Luis Enrique doesn’t usually give an opinion on cup draws which haven’t taken place, but on Thursday, smiling after his Barcelona side had beaten Real Sociedad 5-2, he broke one of his own rules.
“Of course I would like a Barca-Celta Vigo final,” he admitted in his postgame news conference after the Blaugrana had reached the Copa del Rey semifinal.
What he didn’t admit, though, was that he probably would have preferred to avoid Atletico Madrid. Instead, that is exactly what his Barca side got, with Celta paired with the unfancied Alaves. At least his dream of a May final against the side he coached for one season before taking on the top job at Camp Nou remains alive.
There is no doubt Barca would rather be in the Copa del Rey than out of it. They’ve won it 28 times, more times than any other team — including twice since Enrique took charge — and have now reached the semifinal for seven consecutive seasons.
However, a two-legged tie against a tough Atletico side raises some problems. For starters, Diego Simeone’s men have generated more than a few headaches for Barca in recent seasons. They clinched La Liga at Camp Nou with a draw in 2014 and have knocked the Catalans out of the Champions League in two of the past three seasons.
All of the meetings between the two sides have been physically draining, while they’ve become mentally draining recently, too. Atletico’s claim that Neymar’s style of play is provocative and the Brazilian’s subsequent strife with Juanfran is example enough of that.
When the two sides last met in the King’s Cup two years ago, temperatures ran so high in the second leg that two Atletico players were sent off, Neymar had to be taken off by Enrique to spare him an injury and Arda Turan — then dressed in red and white — threw his boot at the linesman.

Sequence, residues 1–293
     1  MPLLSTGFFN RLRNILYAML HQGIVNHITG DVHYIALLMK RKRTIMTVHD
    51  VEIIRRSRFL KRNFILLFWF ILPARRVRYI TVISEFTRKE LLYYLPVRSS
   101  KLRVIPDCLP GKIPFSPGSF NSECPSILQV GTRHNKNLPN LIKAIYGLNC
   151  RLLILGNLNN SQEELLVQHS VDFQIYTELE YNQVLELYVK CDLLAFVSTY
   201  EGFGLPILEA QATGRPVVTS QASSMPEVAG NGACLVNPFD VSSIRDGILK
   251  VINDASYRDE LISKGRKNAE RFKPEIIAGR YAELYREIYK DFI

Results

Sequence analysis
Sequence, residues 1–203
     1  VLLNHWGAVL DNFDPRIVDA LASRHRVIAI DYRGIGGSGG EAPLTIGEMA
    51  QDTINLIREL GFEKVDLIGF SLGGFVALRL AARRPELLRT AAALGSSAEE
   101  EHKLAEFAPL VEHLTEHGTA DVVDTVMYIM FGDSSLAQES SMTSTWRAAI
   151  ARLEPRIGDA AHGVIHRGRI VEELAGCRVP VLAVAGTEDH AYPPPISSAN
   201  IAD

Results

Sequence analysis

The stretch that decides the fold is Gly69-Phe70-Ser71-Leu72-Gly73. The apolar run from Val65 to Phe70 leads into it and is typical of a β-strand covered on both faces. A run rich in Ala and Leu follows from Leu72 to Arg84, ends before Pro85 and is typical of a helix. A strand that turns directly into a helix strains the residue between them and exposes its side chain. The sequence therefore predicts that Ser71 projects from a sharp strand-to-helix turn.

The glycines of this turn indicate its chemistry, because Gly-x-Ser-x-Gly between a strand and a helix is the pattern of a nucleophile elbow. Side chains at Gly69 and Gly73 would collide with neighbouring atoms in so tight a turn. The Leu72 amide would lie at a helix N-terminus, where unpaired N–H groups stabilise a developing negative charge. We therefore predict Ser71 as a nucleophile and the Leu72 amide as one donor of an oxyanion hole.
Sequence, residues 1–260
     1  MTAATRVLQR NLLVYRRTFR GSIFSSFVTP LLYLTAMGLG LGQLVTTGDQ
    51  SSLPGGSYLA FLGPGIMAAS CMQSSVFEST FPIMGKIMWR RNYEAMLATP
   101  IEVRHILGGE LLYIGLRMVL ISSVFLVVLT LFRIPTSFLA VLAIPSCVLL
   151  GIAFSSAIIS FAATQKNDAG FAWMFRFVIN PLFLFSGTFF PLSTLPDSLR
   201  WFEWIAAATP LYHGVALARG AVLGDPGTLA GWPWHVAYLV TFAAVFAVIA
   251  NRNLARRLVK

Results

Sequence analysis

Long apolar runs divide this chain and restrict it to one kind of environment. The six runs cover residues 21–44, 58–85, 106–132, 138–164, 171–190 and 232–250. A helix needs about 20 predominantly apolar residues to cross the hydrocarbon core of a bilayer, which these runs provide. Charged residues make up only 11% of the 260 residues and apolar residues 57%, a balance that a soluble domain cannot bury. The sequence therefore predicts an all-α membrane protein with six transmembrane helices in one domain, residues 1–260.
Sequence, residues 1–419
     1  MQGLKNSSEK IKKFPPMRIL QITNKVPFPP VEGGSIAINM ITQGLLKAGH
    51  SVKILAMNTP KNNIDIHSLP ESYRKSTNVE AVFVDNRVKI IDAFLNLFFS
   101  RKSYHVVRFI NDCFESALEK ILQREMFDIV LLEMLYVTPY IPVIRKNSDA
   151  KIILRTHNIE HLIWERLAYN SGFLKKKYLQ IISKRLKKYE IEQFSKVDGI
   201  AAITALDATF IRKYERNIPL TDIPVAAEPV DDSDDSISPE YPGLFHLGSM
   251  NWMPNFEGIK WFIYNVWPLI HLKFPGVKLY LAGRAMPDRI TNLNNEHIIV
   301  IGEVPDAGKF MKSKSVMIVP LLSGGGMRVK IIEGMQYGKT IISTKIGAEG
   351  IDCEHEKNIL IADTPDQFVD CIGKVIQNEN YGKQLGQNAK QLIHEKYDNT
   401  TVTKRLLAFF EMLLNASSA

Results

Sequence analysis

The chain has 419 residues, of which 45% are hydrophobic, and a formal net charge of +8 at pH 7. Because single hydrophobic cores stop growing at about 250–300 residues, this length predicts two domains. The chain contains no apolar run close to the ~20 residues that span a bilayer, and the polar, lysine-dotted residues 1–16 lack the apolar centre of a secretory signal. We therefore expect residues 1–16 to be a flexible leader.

On top of the wear and tear that those two meetings alone will produce, Barca now have seven games packed into February — a month which only has 28 days. Progress in the cup was always going to lead to fixture congestion, but two more games against Alaves — rather than Atletico — would have been much more welcome.
It’s not ideal for Atletico, either, and it’s tempting to suggest the big winners from Friday’s draw are the two sides’ title rivals Real Madrid and Sevilla. The Catalan press certainly think so.
“Real Madrid are the big winners from the semifinal draw,” Diario Sport’s Lluis Mascaro wrote. “They’re specialists when it comes to getting beneficial draws — even when they’re not in them. While Atletico and Barca are tiring each other out, Madrid get to play Celta in the league in the middle of their two games against Alaves.”
Barca can only focus on themselves, though. They end January this weekend with a trip to Real Betis and then start February with the first leg at the Vicente Calderon against Atletico. They’ll then end the month at the Vicente Calderon, too, albeit in the league.
In the middle of those two games they will host Atletico in the return leg at Camp Nou, while they also have to travel to France for their Champions League last 16 first leg game against Paris Saint-Germain.
The league games are a little less demanding, but when fixture congestion, injuries and rotations kick in, anything can happen. Athletic Bilbao and Leganes at home and Alaves away, therefore, become far from easy matches — especially if Andres Iniesta and Sergio Busquets don’t make quick returns from their respective injuries.
But while February promises to be a testing month, it could also be a rewarding one. It could be the month when Barca cement their chances of winning another Treble — “it would be ridiculous if that wasn’t the target,” Enrique has said.
With five wins in a row in all competitions, they’re starting to find form at a good time. Progress in the Copa del Rey, a good result in Paris, continued consistency in the league and a healthy, well-rotated squad would set things up nicely for March.